Éimhear (A Little Haze)
Fascinating and deep insight into the history of cancer research dating all the way back to an Egyptian text from 2500BC describing a 'bulging tumour in the breast for which there was no treatment'.
A fairly comprehensive explanation of cancer biology that I believe can still be understood by the lay person. However, diagrams involving the targeting of proto-/oncogenes and diagrams explaining the signalling cascade of some kinases could perhaps have helped those without a science background to un
Sonja Arlow
For me the word CANCER has always felt like that weird little creature in the movie Beetlejuice. If you say its name too often it may just manifest in front if you. Especially because both my parents are cancer survivors and my extended family is also riddled with cancer cases.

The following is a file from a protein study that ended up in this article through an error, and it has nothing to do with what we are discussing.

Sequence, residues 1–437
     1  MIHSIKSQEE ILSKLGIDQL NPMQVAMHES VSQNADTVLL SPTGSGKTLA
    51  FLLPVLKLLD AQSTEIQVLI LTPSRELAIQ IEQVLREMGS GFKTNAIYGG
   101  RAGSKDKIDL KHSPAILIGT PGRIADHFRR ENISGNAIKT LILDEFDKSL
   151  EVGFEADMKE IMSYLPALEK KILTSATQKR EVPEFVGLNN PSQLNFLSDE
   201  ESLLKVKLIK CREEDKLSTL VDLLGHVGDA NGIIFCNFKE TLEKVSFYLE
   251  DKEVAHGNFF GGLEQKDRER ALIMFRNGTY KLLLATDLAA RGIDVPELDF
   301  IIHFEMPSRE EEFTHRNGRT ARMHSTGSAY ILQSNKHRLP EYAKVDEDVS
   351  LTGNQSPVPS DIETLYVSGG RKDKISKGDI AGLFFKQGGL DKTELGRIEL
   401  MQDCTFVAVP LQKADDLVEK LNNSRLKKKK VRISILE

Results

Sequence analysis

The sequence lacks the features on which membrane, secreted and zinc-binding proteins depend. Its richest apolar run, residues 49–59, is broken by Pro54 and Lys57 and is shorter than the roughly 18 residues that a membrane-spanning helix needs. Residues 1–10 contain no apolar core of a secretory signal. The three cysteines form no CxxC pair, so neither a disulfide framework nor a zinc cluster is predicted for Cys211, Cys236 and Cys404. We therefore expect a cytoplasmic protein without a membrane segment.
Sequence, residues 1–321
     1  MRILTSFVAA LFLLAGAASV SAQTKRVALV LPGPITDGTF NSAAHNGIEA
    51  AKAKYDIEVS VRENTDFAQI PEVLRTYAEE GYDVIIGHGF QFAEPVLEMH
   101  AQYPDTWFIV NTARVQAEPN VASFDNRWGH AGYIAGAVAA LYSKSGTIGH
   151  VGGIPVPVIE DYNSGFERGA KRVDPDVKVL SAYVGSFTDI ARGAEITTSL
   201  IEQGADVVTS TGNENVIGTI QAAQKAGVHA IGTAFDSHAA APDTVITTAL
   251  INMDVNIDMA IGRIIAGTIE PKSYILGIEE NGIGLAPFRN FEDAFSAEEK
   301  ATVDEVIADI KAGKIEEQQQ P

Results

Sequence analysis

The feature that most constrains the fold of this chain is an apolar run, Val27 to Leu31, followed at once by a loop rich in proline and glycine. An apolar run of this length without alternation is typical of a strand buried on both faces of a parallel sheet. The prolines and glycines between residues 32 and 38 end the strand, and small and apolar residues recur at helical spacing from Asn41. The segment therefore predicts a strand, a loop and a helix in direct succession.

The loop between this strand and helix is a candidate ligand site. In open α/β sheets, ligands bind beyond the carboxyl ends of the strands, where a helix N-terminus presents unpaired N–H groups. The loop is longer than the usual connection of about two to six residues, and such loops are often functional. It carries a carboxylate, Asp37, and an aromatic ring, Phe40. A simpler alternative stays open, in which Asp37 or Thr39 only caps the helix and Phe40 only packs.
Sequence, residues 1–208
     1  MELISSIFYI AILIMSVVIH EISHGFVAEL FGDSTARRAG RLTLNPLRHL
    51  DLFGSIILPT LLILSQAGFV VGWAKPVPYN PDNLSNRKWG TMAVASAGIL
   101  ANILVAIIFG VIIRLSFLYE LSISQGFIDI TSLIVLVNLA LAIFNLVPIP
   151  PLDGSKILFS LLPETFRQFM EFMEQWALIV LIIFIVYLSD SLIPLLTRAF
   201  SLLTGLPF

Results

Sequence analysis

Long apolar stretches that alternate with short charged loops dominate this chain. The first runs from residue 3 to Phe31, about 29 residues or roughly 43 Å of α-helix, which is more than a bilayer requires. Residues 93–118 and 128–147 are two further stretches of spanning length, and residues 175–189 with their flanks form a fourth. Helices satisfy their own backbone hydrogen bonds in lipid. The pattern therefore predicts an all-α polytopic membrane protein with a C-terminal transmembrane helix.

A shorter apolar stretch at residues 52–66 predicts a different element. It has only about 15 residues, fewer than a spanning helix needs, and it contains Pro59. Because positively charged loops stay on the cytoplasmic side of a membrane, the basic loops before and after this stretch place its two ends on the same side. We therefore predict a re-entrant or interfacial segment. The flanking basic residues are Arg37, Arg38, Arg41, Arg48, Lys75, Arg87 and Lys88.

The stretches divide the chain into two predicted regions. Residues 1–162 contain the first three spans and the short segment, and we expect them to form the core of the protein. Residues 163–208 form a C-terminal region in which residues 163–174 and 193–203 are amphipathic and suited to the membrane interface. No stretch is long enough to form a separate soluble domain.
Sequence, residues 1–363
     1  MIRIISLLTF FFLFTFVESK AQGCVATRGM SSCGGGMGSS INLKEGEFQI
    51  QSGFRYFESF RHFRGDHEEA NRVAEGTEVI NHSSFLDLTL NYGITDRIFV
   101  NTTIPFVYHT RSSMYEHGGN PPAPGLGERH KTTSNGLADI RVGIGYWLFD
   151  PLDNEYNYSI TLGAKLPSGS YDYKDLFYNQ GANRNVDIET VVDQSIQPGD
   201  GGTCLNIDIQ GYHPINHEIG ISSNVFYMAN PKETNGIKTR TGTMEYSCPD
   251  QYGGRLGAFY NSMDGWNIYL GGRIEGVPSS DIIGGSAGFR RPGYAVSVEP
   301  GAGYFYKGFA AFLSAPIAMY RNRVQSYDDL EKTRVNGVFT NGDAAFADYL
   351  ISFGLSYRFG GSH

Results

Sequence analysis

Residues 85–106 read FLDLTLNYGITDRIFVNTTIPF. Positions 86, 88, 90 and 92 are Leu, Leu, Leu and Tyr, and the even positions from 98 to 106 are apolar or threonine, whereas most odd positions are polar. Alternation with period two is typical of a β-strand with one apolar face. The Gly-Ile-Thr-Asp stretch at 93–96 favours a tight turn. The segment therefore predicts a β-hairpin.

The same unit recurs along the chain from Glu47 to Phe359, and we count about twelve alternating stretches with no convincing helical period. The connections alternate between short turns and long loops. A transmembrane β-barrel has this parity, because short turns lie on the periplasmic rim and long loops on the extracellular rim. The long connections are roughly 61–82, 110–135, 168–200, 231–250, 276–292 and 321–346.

And I know I am not alone in my fear of this disease. The stigma around cancer is mentioned frequently in this book.

But knowledge is power, and I was determined to tackle this Beetlejuice head-on. Yet it seems the more we
Jan 16, 2012 rated it it was amazing
Recommended to Carol by: my friend Barney
I’m debating whether I should forgo the star system on my reviews. My stars make more sense when you align them with genre or category than title perhaps.

Take a book like The Emperor of Maladies: A Biography of Cancer by Siddhartha Mukherjee. How do the 5 stars I’m going to rate this book stand along side a butcher thriller that I’ve rated this highly too?

This was a book group book and I worried that some would find the topic overally depressing to read or that others, cancer survivors themselve